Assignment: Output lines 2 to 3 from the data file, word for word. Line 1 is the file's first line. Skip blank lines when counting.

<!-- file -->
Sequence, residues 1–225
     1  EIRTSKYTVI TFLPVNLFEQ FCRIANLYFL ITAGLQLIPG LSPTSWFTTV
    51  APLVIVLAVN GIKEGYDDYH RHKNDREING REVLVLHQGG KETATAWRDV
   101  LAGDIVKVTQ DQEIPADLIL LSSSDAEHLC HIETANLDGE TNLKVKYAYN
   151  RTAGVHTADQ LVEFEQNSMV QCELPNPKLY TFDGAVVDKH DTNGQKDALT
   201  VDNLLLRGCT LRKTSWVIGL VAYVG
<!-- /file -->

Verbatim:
     1  EIRTSKYTVI TFLPVNLFEQ FCRIANLYFL ITAGLQLIPG LSPTSWFTTV
    51  APLVIVLAVN GIKEGYDDYH RHKNDREING REVLVLHQGG KETATAWRDV